We breeze over the planet, peering into every window, slipping under every door. We spend centuries investigating. We see everything at once. They aren’t here. We are in the haze, not on the Earth, and I see I cannot touch it now. I may see it from a distance, but I can only enter into its echo.
What is this? I finally ask my companion, when we pass the eight thousandth little girl with the wings of a butterfly and the horn of a unicorn.
Did you find your profession satisfying? It asks. Did you love your body and the soul within? Did you wake up each morning eager to live the day ahead?
Did you have a happy childhood? Did you fulfil your familial duties across the generations? Were you tormented, ever, by regret?
I led an ordinary life.
Did you travel freely? Did you see the world? Did you embrace the beauty of your planet and see all you wished to see?
I led a privileged life.
Did you love your wife?
Yes, I reply, indignant.
Ah! There it is. The not-quite. Was the moment you first saw her the moment you knew there were aspects of existence more poignant and all-consuming than anything you’d hitherto imagined?
For an instant, I smell lilies. I feel that shivery thrill in my stomach, that untold emotion I’d thought died so long ago trickling down my aged spine. If I had married anyone else, my daughter would not have existed, I persist.
That, says the octopus, is the lie people without options tell themselves so they can sleep at night. Go. Find your one true love.
And so I go and I marry the lily-scented girl with laughter in her eyes. We have a son and he doesn’t nearly measure up. We have a daughter and she’s perfect, but the laughter in my lover’s soul runs dry. I am a writer and I’m very rarely rich and before long the sparkle dies. I am a billionaire but money was never enough. I marry my wife again and love her more and better, but in all the years I love her, she never sets my soul aquiver. With the infinite possibilities of the universe ever unfurling before me I see that unhappy families are ordinary and happiness is the rarest of gems. I see that it is what we make of it. We inhabit meat bodies of our choosing. We live lives, however large or small. Sometimes we scour the universe for materials to make a shell. Sometimes we buy them off the shelf. I begin to see that with no time and no body there is no shortage and anything can exist. Sometimes we soar and sometimes we swim and sometimes the dross of daily being falls away and all is utterly in concert. Many incarnations in I finally get it right. I live again and again.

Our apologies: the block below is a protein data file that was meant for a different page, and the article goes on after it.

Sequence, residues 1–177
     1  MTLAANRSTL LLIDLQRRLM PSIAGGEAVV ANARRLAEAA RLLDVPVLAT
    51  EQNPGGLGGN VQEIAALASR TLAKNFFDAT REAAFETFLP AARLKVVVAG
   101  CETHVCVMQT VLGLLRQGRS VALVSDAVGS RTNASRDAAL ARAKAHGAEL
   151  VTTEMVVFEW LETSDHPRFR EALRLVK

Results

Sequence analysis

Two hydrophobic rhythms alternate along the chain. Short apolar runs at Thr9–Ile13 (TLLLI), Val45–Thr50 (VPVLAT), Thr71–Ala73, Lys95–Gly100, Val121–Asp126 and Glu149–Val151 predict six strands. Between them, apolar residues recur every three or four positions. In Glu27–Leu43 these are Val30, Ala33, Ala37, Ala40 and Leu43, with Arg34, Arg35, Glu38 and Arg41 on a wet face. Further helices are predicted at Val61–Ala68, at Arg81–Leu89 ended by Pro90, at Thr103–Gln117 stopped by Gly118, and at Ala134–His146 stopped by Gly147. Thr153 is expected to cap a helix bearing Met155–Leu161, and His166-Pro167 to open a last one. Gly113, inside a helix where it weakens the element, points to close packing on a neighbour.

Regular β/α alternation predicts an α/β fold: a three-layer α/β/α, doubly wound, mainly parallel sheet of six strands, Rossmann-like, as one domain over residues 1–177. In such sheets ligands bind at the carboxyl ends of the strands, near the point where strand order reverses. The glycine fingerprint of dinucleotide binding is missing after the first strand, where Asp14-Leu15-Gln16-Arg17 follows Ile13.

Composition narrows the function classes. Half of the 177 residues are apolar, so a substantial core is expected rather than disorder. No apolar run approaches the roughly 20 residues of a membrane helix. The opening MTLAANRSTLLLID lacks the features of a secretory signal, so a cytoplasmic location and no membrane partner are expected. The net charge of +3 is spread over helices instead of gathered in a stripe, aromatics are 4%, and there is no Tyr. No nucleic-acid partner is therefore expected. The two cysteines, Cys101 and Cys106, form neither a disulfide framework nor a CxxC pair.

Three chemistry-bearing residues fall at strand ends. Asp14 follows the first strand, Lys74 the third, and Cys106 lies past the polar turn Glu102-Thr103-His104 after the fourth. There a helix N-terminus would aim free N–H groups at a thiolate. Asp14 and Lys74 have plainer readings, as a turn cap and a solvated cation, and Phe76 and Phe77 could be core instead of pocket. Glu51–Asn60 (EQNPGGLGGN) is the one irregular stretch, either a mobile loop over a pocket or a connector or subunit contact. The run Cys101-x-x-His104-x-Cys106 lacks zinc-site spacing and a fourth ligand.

Sophia Khan is a writer based in Islamabad, Pakistan. She studied English at Haverford College and received an MFA from Sarah Lawrence College. Her first novel, Dear Yasmeen, was published by Periscope UK in 2016 and also by HarperCollins India and Diana Verlag/Random House, Germany. It was shortlisted for the Shakti Bhatt First Book Prize and the Karachi Literature Festival Getz Pharma Fiction Prize. Her short story, ‘Aabirah’, was shortlisted for the 2016 Commonwealth Short Story Prize. Her second novel, The Flight of the Arconaut, has been published Red Panda (2020).
Note on the Artwork: Hassnain Awais is a graduate of NCA, Lahore. He has done major studies in printmaking, two minors in textile design and one in sculpture and painting. He is currently associate professor at Punjab University, Lahore, but also finds time to run his own interior design company, Gadrang Designs, along with a studio, where he has hosted printmaking workshops and a residency for young emerging artists. He has exhibited widely in Pakistan and abroad.
Artwork courtesy of: Ejaz Art Gallery